Voting Against the War on Drugs

Third party candidate Tom Golisano is gaining rapidly in the New York polls against incumbent governor Pataki and democrat McCall. Most importantly, his rapid rise in the polls is based on his recently released media campaign attacking the Rockefeller drug laws of New York and his plan to repeal those laws.

Everyone, it seems, wants to reform drug laws these days. Canada has taken the audacious steps of adopting a "regulated" medical marijuana law and of studying the possible decriminalization of marijuana use (despite protests from her keepers in Washington DC).

The Canadian Senate has already declared that marijuana is not a gateway drug and the House of Commons will shortly release a report on the non-medical use of marijuana.

By the way did I mention that President Bush's niece violated the terms of her court ordered drug treatment by hiding some crack cocaine in the heel of her shoe?

The Netherlands decriminalized marijuana long ago but recently Britain has reformed its drug laws and so has Portugal. Countries like Spain and Germany no longer put much effort or energy in enforcing laws against the possession and use of the softer drugs, like marijuana and psychedelic mushrooms. In the minds of many Europeans, the war on drugs is over, and the government lost.

Many states have passed medical marijuana laws, including at least eight states which have passed "effective" medical marijuana laws that provide at least some protection for doctor and patient against the federal drug thugs.

But real reform means repealing bad laws and this is what is so exciting about the Golisano campaign. The Rockefeller drug law is the worst in the country with the possession or sale of even small amounts of narcotics resulting in mandatory sentences of at least 15 years or longer. Today a narcotics arrest results in a destroyed life, a broken family, and $2 million in more taxes and government spending.

Golisano is campaigning to repeal the Rockefeller law entirely and is spending part of his considerable fortune on commercials that attack the laws as brutal and counterproductive. As a result his support in public opinion polls has increased significantly to 22% which is higher than Jesse Ventura was this close to the election. Golisano was running to the right of Pataki, attacking him as a liberal, calling for tax cuts, and declaring his opposition to gun control. Now his campaign is attracting blacks and Hispanics from the liberal wing of the Democratic Party.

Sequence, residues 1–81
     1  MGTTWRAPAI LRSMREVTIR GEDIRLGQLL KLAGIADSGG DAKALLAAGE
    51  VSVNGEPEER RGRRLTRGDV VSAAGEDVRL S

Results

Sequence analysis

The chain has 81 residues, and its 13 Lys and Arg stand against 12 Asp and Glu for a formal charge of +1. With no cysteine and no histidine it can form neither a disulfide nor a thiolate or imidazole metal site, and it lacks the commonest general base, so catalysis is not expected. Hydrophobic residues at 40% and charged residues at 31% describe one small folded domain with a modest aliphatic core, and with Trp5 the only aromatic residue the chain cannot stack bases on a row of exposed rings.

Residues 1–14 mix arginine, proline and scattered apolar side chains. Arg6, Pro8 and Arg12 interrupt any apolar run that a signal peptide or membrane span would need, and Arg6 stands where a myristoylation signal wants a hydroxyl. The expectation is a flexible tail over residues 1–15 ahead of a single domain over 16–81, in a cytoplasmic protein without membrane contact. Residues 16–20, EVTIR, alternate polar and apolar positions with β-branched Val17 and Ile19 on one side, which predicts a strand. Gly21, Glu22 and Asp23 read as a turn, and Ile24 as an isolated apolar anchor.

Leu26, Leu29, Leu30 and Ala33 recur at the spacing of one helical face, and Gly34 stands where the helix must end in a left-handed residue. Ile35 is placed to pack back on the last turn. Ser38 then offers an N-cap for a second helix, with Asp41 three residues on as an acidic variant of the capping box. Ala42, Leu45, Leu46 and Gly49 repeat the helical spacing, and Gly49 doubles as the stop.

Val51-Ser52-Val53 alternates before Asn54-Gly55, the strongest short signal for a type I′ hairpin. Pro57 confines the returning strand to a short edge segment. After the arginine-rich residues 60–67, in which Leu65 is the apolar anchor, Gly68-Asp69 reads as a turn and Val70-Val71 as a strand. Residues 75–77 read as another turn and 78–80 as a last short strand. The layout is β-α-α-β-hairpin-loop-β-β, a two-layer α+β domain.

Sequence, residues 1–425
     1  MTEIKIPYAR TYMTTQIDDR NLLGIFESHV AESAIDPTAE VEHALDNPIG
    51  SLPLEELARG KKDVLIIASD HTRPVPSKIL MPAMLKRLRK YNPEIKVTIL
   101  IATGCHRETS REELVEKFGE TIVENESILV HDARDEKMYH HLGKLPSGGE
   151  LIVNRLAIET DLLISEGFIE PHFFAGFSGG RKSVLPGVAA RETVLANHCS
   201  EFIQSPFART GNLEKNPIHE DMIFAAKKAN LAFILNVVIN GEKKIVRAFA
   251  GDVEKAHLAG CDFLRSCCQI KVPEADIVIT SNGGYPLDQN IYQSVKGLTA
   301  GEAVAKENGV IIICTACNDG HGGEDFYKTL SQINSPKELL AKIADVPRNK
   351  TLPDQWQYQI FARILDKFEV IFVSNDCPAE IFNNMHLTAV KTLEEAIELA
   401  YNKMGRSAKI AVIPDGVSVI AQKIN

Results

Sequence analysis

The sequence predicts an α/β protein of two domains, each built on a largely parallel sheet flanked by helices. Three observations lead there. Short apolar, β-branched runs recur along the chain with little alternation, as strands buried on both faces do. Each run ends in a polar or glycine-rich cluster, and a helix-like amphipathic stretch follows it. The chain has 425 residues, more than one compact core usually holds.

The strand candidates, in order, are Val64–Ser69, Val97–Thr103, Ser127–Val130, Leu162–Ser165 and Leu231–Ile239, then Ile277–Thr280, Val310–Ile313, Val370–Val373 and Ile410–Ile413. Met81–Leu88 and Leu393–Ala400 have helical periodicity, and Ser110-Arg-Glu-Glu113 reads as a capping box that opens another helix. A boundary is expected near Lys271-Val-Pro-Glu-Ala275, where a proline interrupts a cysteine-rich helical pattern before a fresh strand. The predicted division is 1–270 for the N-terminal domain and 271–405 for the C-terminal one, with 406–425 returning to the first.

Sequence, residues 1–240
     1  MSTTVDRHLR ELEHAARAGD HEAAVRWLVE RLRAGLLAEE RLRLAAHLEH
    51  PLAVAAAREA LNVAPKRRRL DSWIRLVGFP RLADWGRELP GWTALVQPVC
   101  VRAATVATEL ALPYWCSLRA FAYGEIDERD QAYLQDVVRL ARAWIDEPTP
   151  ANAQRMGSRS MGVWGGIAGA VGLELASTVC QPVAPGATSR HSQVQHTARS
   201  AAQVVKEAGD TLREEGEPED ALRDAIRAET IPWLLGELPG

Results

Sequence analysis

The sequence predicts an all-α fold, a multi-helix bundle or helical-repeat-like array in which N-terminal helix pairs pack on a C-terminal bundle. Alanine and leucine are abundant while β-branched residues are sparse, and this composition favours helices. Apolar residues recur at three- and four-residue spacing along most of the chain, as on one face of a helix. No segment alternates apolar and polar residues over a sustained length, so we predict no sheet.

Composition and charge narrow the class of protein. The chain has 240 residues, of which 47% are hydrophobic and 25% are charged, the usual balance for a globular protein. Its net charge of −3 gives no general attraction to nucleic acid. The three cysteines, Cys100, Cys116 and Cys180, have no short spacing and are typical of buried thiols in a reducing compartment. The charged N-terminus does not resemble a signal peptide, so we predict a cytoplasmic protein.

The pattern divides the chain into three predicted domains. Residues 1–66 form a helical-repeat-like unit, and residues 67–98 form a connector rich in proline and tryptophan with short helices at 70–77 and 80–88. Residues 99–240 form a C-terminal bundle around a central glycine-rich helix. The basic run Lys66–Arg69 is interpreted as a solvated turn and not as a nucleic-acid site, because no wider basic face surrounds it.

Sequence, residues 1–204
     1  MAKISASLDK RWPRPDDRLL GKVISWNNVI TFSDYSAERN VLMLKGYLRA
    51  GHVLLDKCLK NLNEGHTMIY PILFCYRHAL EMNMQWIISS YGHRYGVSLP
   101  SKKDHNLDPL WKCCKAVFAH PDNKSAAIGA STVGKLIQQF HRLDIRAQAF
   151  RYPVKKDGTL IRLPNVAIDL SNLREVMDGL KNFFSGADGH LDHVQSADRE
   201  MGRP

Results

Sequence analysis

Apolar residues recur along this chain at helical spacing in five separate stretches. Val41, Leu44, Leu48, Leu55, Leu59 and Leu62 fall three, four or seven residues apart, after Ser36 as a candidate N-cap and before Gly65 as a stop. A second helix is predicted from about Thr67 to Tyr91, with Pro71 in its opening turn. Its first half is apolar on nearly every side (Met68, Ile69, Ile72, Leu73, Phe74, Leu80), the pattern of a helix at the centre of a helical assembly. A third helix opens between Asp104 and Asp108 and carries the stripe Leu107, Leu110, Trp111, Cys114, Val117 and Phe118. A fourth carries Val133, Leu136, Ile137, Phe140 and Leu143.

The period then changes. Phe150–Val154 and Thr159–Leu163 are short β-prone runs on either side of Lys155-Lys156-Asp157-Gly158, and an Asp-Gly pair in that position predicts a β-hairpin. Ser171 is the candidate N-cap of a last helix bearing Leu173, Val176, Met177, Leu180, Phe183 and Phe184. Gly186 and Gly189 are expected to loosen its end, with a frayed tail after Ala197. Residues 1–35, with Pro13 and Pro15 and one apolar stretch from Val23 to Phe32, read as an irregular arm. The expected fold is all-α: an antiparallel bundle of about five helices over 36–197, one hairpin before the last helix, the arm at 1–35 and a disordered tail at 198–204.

By advancing the cause of radical reform Golisano has put new life into his campaign and broken the deadlock on drug policy reform. Everyone including Pataki and McCall supported "reform" of the drug laws, but nothing had passed. If the long-shot Golisano wins, drug reform wins, but even if he loses you can expect New York to reform Rockefeller and to pass a medical marijuana law to appease the voters.

Admittedly, even with Rockefeller repealed, federal drug laws will still be on the books, but state-level mandatory minimums will be gone. Non-violent drug users and small time dealers can be given light sentences or be directed to treatment programs. Voters and taxpayers will see that getting "soft" on the hard drugs will actually result in less crime, the world will not come to a drug-induced end, and the stage will be set for even further reform. Therefore, while it is still a "marginal" reform, it's the type of reform that lowers the bar for all drug law reform and sets the stage for future victory against the war on drugs. This is a big step forward from the medical marijuana movement.

Normally I don't encourage people to vote. However, a case can be made for voting for the underdog simply because politicians hate competition and they really hate 3rd party competition. In this case, a vote for Golisano also deals an important blow against the war on drugs.

As a former New Yorker, I greatly lament the state's voting record which has produced some of the worst politicians on the planet. Here is a state that even resorts to importation when the domestic crop of politicians is not sufficiently statist, devious, and destructive. The net result is the virtual destruction of New York and its economy over the last forty years. New York was once the leading economy in the world with leading high tech industries, significant diversified agriculture, as well as being tops in tourism, trade, entertainment, and banking. Today it staggers from high taxes, debt, and massive government.

One good vote will not earn my forgiveness, but it will be a start.

October 24, 2002